THE Glasgow trams – the "caurs’ – were often maligned in their day, but when one was withdrawn from service and sold off, it could be an occasion for regret.

Such was the case 58 years ago, when tram no. 1055 - the last "Green Goddess" to be taken off the road – left the Coplawhill tramcar works for the last time. Glasgow Corporation had bought it for £500 in 1954 from Liverpool and had now sold it for £50 to the Merseyside Tramway Preservation Society. The tram, after renovation, would run on the society’s private line outside Leeds.

The Evening Times said though the trams had been mocked by cartoonists, comedians and the public, there was an unmistakable air of sentiment as this one departed. Employees said it was a pity to see the "caurs" go. They were so good in the fog and ice. With a bus, you could land up in a close in the fog, but the trams would never let you down. One coachbuilder said: “After working with tramcars for 21 years they begin to be a part of you.” A former tram-driver who was now a shunting-gear worker admitted to a twinge of sentiment.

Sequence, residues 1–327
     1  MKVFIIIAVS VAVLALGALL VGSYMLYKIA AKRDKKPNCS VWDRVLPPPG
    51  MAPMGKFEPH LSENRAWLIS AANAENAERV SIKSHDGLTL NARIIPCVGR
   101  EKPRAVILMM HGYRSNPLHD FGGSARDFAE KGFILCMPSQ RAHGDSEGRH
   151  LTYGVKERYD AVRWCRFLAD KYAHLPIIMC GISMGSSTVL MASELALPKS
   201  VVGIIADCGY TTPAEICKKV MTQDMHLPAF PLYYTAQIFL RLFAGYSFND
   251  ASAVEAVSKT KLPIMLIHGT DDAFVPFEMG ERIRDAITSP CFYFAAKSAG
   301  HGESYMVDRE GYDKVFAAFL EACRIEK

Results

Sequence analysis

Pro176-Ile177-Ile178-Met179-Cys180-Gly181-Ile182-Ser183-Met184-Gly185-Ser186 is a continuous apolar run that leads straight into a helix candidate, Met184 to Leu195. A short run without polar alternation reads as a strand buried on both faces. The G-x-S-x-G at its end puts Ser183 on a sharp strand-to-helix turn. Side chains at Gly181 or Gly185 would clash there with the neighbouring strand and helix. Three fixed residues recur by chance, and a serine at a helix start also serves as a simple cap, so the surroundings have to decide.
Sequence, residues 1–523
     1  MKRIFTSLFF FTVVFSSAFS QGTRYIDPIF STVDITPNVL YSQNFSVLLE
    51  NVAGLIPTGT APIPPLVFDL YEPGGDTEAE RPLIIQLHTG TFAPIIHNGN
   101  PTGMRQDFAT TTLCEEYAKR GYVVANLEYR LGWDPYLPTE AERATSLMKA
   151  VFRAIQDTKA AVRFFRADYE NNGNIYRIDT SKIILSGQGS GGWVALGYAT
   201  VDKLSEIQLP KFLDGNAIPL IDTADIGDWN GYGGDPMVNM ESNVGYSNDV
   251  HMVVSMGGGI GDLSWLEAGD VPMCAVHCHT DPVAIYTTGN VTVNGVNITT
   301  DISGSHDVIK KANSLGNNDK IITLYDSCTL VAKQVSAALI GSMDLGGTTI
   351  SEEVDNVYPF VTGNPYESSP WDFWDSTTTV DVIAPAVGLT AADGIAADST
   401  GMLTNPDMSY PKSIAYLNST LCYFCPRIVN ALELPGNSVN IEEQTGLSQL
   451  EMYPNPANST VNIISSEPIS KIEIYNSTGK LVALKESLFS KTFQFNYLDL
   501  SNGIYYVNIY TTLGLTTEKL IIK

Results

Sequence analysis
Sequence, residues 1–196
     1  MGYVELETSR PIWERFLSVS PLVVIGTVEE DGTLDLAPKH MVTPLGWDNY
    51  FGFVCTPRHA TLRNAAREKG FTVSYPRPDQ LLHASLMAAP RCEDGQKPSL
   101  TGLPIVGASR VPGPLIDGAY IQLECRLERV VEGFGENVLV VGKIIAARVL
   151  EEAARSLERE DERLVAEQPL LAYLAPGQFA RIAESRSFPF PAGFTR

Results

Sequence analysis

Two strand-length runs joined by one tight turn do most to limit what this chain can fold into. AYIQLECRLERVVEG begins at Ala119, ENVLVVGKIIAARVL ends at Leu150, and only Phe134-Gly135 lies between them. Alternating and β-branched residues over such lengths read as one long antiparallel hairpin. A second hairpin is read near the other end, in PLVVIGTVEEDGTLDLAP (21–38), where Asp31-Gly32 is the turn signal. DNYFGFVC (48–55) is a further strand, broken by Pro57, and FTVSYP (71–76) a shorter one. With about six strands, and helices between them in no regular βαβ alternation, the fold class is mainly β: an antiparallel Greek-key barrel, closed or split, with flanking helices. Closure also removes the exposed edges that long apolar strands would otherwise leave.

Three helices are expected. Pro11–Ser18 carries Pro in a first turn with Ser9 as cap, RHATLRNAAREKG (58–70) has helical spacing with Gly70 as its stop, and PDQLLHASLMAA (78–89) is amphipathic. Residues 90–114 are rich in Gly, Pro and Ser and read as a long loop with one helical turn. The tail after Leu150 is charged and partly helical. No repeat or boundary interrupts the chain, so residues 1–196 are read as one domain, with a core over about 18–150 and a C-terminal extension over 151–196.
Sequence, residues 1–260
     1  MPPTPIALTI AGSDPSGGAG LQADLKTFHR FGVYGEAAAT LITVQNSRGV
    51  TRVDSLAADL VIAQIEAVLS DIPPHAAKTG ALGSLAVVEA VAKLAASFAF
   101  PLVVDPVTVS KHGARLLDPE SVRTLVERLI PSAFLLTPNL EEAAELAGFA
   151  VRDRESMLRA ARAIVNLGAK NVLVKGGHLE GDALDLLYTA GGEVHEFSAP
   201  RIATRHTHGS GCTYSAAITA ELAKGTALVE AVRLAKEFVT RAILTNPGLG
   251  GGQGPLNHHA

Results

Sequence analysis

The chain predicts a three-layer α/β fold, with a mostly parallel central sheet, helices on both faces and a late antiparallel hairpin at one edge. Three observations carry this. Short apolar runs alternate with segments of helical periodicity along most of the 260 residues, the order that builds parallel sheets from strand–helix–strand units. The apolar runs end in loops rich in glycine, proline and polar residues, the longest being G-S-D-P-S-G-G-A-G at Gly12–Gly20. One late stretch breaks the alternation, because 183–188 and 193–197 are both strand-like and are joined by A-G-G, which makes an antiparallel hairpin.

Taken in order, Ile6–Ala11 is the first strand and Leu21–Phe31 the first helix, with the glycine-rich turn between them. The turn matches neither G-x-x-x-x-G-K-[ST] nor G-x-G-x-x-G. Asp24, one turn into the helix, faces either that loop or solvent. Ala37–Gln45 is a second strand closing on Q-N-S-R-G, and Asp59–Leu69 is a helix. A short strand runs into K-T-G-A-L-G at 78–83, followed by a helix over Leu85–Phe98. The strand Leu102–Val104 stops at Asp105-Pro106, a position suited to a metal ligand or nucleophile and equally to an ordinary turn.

Martin Jenkins, chairman of the Merseyside society (and described as a “bearded art student”) said: “A tramcar has got much more character than a motorbus. It is not a personal vehicle – it is far more friendly.”